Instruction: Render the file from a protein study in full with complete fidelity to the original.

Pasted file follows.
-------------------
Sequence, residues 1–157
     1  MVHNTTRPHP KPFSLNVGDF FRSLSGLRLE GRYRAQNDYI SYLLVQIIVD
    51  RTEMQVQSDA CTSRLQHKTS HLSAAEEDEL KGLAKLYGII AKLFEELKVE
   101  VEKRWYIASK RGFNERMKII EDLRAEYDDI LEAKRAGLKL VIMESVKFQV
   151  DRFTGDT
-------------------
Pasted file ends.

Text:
Sequence, residues 1–157
     1  MVHNTTRPHP KPFSLNVGDF FRSLSGLRLE GRYRAQNDYI SYLLVQIIVD
    51  RTEMQVQSDA CTSRLQHKTS HLSAAEEDEL KGLAKLYGII AKLFEELKVE
   101  VEKRWYIASK RGFNERMKII EDLRAEYDDI LEAKRAGLKL VIMESVKFQV
   151  DRFTGDT